A breakdown of responses shows that all major respondent types (bankers, observers and risk managers) are strongly concerned about regulatory excess and political interference, as well as the state of the global economy. However non-bankers are more worried about institutional risks in banks such as the quality of governance and management; bankers play these risks down.

By region, the responses show concern about regulation and politics to be strongest in Europe and North America. The top concerns in the Asia Pacific region focus more on the macro- economy and the risk of sharp changes in interest rates.

It is perhaps no surprise that commercial and investment bankers themselves held the strongest views among the main respondent groups about excessive regulation, believing that it would harm their business. The survey said, "This was closely linked to their concern about growing political interference in the banking sector and the effect of both on banks' profitability and business. Looking ahead, bankers were also concerned about interest rate rises as quantitative easing comes to an end. They did not share other groups' strong concerns about the quality of management and governance in banks."


"On the positive side, many respondents said that banks had made risk management an urgent priority over the last couple of years. 'Banks are now devoting large scale resources to dealing with many of these risks,' said a non-executive director at a financial group in the UK, while the CFO of a major bank in Canada said, 'Banks have become better at looking forward at risks to identify what is on the horizon and adjusting for those potential challenges.'

"But others warned that risk managers were still too reactive and unable to cope with the unexpected. 'So reliant on decision processes and systems', as an academic from the UK put it, 'that they are unable to think for themselves'. Some saw this as inevitable given the scale of the task ahead. A respondent from The Netherlands said. 'Banks are too busy with compliance and clean-up of the mess from the credit crisis to spend the necessary time to look ahead at emerging risks.'"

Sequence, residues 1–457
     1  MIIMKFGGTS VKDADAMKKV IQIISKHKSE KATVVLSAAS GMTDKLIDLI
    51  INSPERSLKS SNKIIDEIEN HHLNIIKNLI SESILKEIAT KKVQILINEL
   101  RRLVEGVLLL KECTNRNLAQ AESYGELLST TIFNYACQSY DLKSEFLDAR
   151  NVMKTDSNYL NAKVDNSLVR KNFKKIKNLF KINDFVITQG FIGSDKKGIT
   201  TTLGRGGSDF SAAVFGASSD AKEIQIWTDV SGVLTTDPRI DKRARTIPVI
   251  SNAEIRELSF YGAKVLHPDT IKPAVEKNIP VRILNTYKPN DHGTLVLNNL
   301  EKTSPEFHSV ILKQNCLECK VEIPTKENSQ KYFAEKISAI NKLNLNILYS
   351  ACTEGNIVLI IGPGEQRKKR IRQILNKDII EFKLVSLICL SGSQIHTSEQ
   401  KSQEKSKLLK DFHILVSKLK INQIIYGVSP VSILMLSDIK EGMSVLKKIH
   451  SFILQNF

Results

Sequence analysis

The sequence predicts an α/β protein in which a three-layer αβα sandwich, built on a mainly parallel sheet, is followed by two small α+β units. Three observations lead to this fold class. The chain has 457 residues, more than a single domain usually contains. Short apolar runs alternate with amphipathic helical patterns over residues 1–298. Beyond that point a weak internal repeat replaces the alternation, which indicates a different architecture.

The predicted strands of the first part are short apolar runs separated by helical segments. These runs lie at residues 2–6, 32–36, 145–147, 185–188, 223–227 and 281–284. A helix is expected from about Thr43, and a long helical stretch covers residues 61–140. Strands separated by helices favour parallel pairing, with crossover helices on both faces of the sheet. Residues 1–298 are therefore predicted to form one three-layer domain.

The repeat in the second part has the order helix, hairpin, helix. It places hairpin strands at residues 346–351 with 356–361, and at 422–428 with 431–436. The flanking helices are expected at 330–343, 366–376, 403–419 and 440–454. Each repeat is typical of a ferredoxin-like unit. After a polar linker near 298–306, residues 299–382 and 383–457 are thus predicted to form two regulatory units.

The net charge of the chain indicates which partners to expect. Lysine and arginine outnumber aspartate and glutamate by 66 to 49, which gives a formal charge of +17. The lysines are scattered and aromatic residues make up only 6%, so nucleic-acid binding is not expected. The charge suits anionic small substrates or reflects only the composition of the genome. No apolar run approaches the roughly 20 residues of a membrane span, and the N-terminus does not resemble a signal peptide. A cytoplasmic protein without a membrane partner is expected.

Preparedness clearly varies but as a broad theme it would appear that banks seem to be getting better at dealing with the risks they can influence. However, "the problem is that some of the most potent threats - such as macro-economic instability and increasingly sophisticated crime - are largely outside their control," said the survey.


"The 1990s were dominated by strategic issues: new types of competition and technologies, dramatic developments such as EMU, the internet and Y2K. Many of these faded, to be replaced by economic and political risks and particularly by concern over the growth of regulation. The period after 2000 also saw the rise of newfangled risks such as derivatives and hedge funds, the latter making their first appearance in 2005.

"The 2008 survey, conducted at the height of the financial crisis, brought the focus sharply onto credit and market risks, and propelled two new entrants to the top of the charts: liquidity and credit spreads. The next two surveys, conducted at a time of great turmoil in the financial sector, showed a twin preoccupation with financial dangers (credit, derivatives, liquidity, capital) and the growing backlash against banks seen in the sharp growth in regulation and political interference.

"The present survey... shows a hardening of the view that regulatory and political interference in the industry can be damaging, but also declining concern with crisis-critical issues such as credit risk, capital adequacy and liquidity (which disappears from the top ten for the first time since the crisis began). "


1 Regulation (6)

2 Political interference (5)

3 Macro-economic environment (1)

4 Technology risk (18)

5 Profitability (7)

6 Pricing of risk (11)

7 Credit risk (2)

8 Corporate governance (9)

9 Criminality (24)

10 Capital availability (4)

11 Quality of risk management (10)

12 Interest rates (17)

13 Back office (13)

14 Change management (15)

15 Liquidity (3)

16 Sales and business practices (20) 17 Emerging markets (22)

18 Derivatives (8)

19 Social media (-)

20 Shadow banking (-)

21 Management incentives (14)

22 Currency (19)

23 Human resources (28)

24 Reliance on third parties (29)

25 Social sustainability (25)

26 Equity markets (21)

27 Commodity markets (26)

28 Business continuation (12)

For more stories on investments and markets, please see HispanicBusiness' Finance Channel

Source: Banker Middle East